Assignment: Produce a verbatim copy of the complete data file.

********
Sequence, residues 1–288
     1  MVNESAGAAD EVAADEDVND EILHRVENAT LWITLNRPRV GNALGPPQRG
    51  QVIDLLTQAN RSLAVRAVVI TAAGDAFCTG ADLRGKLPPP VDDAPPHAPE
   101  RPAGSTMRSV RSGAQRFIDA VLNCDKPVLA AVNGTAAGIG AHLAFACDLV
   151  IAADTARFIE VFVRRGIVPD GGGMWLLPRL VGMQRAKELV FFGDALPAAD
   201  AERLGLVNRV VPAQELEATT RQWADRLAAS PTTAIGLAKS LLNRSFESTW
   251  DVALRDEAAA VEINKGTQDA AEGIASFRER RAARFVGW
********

Sequence, residues 1–288
     1  MVNESAGAAD EVAADEDVND EILHRVENAT LWITLNRPRV GNALGPPQRG
    51  QVIDLLTQAN RSLAVRAVVI TAAGDAFCTG ADLRGKLPPP VDDAPPHAPE
   101  RPAGSTMRSV RSGAQRFIDA VLNCDKPVLA AVNGTAAGIG AHLAFACDLV
   151  IAADTARFIE VFVRRGIVPD GGGMWLLPRL VGMQRAKELV FFGDALPAAD
   201  AERLGLVNRV VPAQELEATT RQWADRLAAS PTTAIGLAKS LLNRSFESTW
   251  DVALRDEAAA VEINKGTQDA AEGIASFRER RAARFVGW